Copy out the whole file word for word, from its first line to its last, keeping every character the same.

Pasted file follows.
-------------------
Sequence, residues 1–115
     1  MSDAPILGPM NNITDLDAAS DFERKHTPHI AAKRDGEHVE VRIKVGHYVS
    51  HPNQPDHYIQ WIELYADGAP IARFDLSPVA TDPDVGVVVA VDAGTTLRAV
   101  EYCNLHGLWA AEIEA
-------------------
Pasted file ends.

Sequence, residues 1–115
     1  MSDAPILGPM NNITDLDAAS DFERKHTPHI AAKRDGEHVE VRIKVGHYVS
    51  HPNQPDHYIQ WIELYADGAP IARFDLSPVA TDPDVGVVVA VDAGTTLRAV
   101  EYCNLHGLWA AEIEA